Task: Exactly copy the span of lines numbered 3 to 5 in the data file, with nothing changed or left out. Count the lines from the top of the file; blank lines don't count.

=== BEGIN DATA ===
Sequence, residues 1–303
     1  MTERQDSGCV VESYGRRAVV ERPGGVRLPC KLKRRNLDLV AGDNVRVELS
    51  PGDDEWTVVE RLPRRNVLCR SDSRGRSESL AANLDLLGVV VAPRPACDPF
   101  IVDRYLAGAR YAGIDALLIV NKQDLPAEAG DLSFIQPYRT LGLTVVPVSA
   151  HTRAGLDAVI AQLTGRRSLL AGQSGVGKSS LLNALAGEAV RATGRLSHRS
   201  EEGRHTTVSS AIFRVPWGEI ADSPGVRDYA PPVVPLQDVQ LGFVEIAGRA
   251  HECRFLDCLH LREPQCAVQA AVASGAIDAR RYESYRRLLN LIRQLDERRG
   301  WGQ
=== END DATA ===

    51  PGDDEWTVVE RLPRRNVLCR SDSRGRSESL AANLDLLGVV VAPRPACDPF
   101  IVDRYLAGAR YAGIDALLIV NKQDLPAEAG DLSFIQPYRT LGLTVVPVSA
   151  HTRAGLDAVI AQLTGRRSLL AGQSGVGKSS LLNALAGEAV RATGRLSHRS